State and jurisdictional health departments, vital registrar offices, and coroner and medical examiner offices participating in CDC’s Overdose Data to Action (OD2A) program and providing data to SUDORS; Christina Mikosz, Julie S. O’Donnell, Erin Parker, Division of Overdose Prevention, National Center for Injury Prevention and Control, CDC; CDC OD2A team, Division of Overdose Prevention, National Center for Injury Prevention and Control, CDC.
Corresponding author: Christine L. Mattson, email@example.com, 404-639-8572.
1Division of Overdose Prevention, National Center for Injury Prevention and Control, CDC; 2Peers and Partners, Inc., Atlanta, Georgia; 3Cuyahoga County Medical Examiner’s Office, Cleveland, Ohio.
All authors have completed and submitted the International Committee of Medical Journal Editors form for disclosure of potential conflicts of interest. No potential conflicts of interest were disclosed.
* https://www.accessdata.fda.gov/drugsatfda_docs/label/2017/020235s064_020882s047_021129s046lbl.pdfpdf iconexternal icon
† https://effectivehealthcare.ahrq.gov/products/nonopioid-chronic-pain/researchexternal icon
§ https://www.iqvia.com/insights/the-iqvia-institute/reports/medicine-spending-and-affordability-in-the-usexternal icon https://www.fda.gov/drugs/drug-safety-and-availability/fda-warns-about-serious-breathing-problems-seizure-and-nerve-pain-medicines-gabapentin-neurontinexternal icon
** Data are reported to SUDORS in half-year increments (January–June and July–December) based on when deaths occur. Twenty-three states (Alaska, Connecticut, Delaware, Georgia, Illinois, Maine, Massachusetts, Minnesota, Missouri, Nevada, New Hampshire, New Jersey, New Mexico, North Carolina, Oklahoma, Pennsylvania, Rhode Island, Tennessee, Utah, Vermont, Virginia, Washington, and West Virginia) and the District of Columbia submitted complete data at the time of analysis and were included in this report. Data for this report were downloaded on October 25, 2021, and might differ from other reports because death data might be updated over time, and SUDORS supplements death certificate data with medical examiner and coroner reports.
†† When nonspecific terminology was used in an overdose cause of death statement (e.g., “multidrug overdose”), all drugs detected in postmortem toxicology were included as involved in the death. For example, if the cause of death was “multidrug overdose” and toxicology results were positive for five drugs, all five were classified as involved.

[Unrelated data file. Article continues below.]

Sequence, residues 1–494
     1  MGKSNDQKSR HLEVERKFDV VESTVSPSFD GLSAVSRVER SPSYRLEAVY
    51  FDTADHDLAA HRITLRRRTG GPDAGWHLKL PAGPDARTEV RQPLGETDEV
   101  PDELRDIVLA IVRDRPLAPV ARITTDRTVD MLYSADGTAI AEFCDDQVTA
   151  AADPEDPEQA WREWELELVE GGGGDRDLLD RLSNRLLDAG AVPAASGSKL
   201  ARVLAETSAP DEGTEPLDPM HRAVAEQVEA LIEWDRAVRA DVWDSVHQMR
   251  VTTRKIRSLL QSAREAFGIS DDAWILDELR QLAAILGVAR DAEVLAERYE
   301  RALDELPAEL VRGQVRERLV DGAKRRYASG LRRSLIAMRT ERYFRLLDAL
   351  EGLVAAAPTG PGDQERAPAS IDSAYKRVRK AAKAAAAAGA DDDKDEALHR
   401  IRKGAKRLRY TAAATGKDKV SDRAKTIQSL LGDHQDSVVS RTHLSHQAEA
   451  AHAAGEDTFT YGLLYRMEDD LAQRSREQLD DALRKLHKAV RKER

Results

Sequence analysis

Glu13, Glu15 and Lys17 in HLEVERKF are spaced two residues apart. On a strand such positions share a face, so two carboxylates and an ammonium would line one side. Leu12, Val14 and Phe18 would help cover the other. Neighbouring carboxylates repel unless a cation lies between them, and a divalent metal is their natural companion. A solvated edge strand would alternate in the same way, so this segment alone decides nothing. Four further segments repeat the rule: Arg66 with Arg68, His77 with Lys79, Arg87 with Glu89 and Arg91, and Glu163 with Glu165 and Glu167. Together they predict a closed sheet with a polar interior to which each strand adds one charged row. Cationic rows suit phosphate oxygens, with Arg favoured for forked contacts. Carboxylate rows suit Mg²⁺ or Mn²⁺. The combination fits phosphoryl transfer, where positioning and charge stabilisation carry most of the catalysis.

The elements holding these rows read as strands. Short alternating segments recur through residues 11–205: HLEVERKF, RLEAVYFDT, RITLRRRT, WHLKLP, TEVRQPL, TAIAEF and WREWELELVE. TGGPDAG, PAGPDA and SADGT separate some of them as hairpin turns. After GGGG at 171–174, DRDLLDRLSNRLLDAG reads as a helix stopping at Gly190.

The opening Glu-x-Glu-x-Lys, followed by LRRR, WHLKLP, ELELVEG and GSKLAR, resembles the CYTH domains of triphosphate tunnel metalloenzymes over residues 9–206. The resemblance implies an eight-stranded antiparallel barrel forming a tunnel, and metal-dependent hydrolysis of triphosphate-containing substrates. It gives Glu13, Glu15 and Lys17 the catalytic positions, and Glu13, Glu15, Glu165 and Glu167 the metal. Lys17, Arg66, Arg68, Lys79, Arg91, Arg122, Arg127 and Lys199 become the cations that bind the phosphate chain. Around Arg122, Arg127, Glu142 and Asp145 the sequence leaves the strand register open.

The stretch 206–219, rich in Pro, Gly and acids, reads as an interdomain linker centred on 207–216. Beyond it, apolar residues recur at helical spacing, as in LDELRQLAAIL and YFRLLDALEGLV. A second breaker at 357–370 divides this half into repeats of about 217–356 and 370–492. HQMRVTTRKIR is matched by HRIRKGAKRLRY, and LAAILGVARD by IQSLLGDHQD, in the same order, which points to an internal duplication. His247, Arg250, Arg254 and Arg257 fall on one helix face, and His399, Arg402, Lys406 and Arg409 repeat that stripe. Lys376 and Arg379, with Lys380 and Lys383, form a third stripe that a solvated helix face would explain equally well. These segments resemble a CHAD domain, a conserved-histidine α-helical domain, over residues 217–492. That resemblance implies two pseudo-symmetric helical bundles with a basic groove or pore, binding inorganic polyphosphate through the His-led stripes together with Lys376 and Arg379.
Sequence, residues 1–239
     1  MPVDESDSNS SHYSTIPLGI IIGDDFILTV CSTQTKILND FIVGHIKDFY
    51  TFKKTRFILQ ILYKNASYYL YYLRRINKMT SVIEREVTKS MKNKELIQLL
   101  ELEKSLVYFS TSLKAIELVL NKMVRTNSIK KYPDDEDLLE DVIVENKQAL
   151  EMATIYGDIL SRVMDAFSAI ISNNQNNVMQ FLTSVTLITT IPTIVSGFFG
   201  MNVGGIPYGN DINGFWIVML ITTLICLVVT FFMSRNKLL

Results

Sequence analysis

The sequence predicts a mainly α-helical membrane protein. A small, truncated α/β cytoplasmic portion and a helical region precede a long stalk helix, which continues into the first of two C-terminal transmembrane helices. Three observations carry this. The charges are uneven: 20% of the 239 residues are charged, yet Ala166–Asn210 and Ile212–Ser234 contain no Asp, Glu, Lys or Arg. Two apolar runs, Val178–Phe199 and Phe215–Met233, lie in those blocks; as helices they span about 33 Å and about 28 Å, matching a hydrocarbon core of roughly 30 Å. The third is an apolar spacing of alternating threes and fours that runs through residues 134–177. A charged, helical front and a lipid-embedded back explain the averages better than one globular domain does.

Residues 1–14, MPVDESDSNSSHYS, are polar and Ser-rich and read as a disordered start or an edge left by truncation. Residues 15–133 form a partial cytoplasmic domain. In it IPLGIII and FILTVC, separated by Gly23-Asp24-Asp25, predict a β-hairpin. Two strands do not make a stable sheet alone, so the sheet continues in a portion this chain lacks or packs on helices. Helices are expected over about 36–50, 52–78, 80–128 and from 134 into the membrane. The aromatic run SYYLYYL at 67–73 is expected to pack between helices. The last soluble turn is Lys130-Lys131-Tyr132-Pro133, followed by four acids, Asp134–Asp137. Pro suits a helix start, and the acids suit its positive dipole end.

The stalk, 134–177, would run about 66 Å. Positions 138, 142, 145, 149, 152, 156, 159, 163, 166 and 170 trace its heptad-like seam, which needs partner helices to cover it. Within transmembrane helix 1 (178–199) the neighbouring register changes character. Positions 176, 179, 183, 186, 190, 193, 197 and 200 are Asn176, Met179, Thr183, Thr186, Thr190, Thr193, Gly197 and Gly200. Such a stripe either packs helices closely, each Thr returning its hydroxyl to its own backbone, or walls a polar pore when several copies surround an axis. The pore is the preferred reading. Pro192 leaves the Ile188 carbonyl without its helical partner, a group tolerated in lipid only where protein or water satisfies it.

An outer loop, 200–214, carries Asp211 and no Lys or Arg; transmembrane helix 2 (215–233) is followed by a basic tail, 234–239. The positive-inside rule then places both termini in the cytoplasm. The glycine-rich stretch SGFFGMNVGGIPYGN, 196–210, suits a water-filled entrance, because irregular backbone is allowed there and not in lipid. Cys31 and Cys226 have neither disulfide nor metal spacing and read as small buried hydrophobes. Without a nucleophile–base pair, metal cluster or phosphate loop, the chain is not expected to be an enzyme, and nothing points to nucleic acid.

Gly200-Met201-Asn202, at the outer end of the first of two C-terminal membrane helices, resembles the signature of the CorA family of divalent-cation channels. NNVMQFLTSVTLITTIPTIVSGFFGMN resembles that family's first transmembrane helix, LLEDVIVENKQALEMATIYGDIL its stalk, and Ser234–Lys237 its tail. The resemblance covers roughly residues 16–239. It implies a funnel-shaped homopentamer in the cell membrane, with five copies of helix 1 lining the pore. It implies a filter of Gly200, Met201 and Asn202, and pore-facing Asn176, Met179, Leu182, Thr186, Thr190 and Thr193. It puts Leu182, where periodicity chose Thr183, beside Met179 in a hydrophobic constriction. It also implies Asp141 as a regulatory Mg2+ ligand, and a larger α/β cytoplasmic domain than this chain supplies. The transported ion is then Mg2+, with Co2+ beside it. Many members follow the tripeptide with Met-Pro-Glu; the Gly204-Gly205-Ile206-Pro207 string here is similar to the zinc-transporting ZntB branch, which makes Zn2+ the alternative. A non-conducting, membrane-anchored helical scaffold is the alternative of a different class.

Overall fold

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- Reynolds K, Kaufman R, Korenoski A, Fennimore L, Shulman J, Lynch M. Trends in gabapentin and baclofen exposures reported to U.S. poison centers. Clin Toxicol (Phila) 2020;58:763–72. https://doi.org/10.1080/15563650.2019.1687902external icon PMID:31786961external icon
- Finlayson G, Chavarria M, Chang S, et al. Gabapentin in mixed drug fatalities: does this frequent analyte deserve more attention? Acad Forensic Pathol 2017;7:99–111. https://doi.org/10.23907/2017.012external icon PMID:31239962external icon
- Davis GG, Cadwallader AB, Fligner CL, et al. Position paper: recommendations for the investigation, diagnosis, and certification of deaths related to opioids and other drugs. Am J Forensic Med Pathol 2020;41:152–9. https://doi.org/10.1097/PAF.0000000000000550external icon PMID:32404634external icon
FIGURE. Quarterly trends in gabapentin detection and involvement of gabapentin and other substances in drug overdose deaths among decedents in whom gabapentin was detected, by substance involvement* — 23 states and the District of Columbia,† 2019–2020
Abbreviation: Q = quarter.
* Substances determined to have caused death. When nonspecific terminology was used in an overdose cause of death statement (e.g., multidrug overdose), all drugs detected in postmortem toxicology were included as involved in the death. For example, if the cause of death was “multidrug overdose,” and toxicology results were positive for five drugs, all five were classified as involved.
† Twenty-three states (Alaska, Connecticut, Delaware, Georgia, Illinois, Maine, Massachusetts, Minnesota, Missouri, Nevada, New Hampshire, New Jersey, New Mexico, North Carolina, Oklahoma, Pennsylvania, Rhode Island, Tennessee, Utah, Vermont, Virginia, Washington, and West Virginia) and the District of Columbia.
Suggested citation for this article: Mattson CL, Chowdhury F, Gilson TP. Notes from the Field: Trends in Gabapentin Detection and Involvement in Drug Overdose Deaths — 23 States and the District of Columbia, 2019–2020. MMWR Morb Mortal Wkly Rep 2022;71:664–666. DOI: http://dx.doi.org/10.15585/mmwr.mm7119a3external icon.